WWDC, iOS 8, reading between the lines

June 6, 2014
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When Apple introduced iOS 7 at last years’s WWDC, I posted some quick takes, including criticisms about the lack of customization and integration options. Obviously, Apple was listening 🙂 While iOS 8 may not give us everything in this regard, it certainly is taking steps in that direction. The new App Extensions in iOS 8 open the door to custom widgets,  alternative keyboards, and App interactions.

Adaptive, Adaptive, Adaptive

A big theme across WWDC this year was Adaptive although I haven’t seen this discussed much in the media. Everywhere you looked, Apple was talking about ensuring your apps are generalized for screen sizes, layouts, and orientation. Without going into too much technical detail, Apple’s system for introducing new screens has been somewhat weaker than Android. The original iPhone was 320 x 480 pixels and since then, they have piled various hacks on top of iOS to try and provide for different screen resolutions, aspect ratios, and sizes – but in the end, “320.0” leaks into apps to this day. To support the first retina iPhone 4 Apple introduced a simple scaling factor (2x), but when the iPhone 5 came out, it had a new aspect ratio and many apps didn’t handle it (black bars) and those apps had to be updated to handle the extra screen space.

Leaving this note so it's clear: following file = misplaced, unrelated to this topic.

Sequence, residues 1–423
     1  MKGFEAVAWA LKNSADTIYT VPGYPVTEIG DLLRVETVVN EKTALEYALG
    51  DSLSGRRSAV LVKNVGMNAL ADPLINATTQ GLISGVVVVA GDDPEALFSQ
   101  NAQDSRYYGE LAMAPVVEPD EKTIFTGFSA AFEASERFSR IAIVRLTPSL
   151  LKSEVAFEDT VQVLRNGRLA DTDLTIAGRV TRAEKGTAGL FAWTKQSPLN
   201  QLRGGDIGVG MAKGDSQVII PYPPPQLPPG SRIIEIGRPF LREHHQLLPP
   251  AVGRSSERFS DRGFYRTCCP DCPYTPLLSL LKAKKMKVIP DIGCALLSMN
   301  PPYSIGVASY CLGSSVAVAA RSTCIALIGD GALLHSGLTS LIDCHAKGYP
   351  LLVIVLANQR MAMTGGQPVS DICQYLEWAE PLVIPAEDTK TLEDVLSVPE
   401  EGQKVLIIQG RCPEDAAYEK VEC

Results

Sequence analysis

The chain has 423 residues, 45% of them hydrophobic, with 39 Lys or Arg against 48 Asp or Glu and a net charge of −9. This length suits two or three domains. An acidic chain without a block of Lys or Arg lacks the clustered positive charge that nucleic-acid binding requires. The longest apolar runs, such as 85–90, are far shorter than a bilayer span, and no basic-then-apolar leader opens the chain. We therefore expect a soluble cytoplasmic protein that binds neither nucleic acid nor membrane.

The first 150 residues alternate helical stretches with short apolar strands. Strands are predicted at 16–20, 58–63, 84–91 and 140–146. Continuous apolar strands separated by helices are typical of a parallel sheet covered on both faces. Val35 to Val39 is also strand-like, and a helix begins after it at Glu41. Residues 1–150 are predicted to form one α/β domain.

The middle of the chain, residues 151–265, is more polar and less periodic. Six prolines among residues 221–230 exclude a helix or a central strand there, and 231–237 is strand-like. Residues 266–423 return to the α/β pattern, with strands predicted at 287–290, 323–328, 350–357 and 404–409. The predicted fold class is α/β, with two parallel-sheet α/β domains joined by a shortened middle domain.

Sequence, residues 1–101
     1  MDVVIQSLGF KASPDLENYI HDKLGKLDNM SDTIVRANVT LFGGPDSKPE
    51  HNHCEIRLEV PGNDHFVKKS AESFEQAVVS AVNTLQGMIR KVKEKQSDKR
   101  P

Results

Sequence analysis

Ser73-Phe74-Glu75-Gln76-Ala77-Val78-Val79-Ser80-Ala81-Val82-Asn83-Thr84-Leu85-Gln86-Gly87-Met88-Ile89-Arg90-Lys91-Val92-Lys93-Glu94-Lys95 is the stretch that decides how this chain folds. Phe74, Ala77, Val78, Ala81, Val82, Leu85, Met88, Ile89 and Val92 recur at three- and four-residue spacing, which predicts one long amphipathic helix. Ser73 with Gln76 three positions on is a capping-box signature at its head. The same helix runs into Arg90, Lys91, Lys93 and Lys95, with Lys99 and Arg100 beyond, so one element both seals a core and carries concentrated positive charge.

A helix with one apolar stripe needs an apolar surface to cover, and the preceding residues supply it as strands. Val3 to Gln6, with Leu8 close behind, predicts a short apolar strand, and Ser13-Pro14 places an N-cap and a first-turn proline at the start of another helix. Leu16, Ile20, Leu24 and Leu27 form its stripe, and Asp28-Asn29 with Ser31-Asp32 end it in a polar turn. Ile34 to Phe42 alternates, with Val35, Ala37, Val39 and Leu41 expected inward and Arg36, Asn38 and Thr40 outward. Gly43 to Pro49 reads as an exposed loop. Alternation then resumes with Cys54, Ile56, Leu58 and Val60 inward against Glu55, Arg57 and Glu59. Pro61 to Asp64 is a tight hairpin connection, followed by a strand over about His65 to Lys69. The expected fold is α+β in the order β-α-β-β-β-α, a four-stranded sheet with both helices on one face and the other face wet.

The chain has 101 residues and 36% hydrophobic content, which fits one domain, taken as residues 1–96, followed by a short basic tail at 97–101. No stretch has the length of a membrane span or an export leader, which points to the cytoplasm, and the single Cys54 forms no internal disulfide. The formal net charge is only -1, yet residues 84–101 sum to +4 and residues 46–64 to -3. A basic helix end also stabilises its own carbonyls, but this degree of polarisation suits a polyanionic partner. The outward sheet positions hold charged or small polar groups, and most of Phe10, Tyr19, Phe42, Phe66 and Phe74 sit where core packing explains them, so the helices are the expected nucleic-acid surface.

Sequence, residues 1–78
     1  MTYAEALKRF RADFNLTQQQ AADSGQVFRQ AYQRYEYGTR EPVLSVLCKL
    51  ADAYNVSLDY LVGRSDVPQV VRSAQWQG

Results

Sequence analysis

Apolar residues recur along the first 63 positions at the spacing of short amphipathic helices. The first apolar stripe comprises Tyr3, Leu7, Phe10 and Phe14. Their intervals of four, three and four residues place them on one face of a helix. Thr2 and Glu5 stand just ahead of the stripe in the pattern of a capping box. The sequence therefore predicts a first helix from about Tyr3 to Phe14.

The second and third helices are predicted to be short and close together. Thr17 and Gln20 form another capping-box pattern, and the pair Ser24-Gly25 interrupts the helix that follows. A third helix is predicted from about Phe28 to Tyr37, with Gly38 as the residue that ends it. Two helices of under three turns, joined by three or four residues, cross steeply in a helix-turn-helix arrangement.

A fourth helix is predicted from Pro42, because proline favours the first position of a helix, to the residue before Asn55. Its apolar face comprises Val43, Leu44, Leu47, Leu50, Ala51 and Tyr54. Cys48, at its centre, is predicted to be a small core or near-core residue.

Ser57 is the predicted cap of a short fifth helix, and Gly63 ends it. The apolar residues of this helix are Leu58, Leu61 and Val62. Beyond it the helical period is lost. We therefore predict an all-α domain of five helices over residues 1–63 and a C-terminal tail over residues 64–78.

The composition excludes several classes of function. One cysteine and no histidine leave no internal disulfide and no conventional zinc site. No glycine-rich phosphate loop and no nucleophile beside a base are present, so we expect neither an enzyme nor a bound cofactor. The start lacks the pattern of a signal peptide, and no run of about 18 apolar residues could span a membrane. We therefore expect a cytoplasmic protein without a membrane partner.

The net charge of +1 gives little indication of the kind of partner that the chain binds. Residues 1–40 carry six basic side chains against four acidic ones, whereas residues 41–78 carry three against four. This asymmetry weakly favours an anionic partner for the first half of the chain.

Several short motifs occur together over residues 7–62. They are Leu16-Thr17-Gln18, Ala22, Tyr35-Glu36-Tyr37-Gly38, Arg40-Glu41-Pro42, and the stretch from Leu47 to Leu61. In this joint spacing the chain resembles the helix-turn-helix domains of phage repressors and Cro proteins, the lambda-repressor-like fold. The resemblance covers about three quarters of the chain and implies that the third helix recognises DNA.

With iOS 8 Apple is introducing “size classes” and a new idiom called Traits. At first glance, to me the system looks oversimplified and not general enough for the long term, with only Compact and Regular definitions for width and height. It seems like what’s still lacking is any way to map into physical pixel density to know how much physical real estate an app is working with, or ie. whether a given object will be too small to see or ridiculously large. Anyway, in this new system, apps are no longer supposed to think about things in terms of orientation (landscape vs. portrait) but in terms of width and height being either Compact or Regular.

iOS 8 Size Classes

iOS 8 Size Classes

I think everyone would assume that all this focus on Adaptive means new screen sizes and possibly new screen layouts (aspect ratios) are in the pipeline.

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